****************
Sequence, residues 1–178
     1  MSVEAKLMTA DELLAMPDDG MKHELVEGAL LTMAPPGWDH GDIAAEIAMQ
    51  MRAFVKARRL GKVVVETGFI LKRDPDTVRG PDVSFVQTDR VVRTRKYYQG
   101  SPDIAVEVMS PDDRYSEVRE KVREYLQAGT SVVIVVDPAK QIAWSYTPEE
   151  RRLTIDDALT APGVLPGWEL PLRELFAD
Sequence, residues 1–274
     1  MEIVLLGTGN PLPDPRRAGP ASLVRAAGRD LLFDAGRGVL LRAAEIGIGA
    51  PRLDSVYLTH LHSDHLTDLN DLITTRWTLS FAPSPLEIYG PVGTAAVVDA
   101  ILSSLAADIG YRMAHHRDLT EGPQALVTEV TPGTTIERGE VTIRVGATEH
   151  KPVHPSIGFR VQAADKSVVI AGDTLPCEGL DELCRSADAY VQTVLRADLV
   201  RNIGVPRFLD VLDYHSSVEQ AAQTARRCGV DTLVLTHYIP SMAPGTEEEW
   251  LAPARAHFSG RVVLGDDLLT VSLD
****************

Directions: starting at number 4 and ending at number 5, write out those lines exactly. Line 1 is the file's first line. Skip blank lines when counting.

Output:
   101  SPDIAVEVMS PDDRYSEVRE KVREYLQAGT SVVIVVDPAK QIAWSYTPEE
   151  RRLTIDDALT APGVLPGWEL PLRELFAD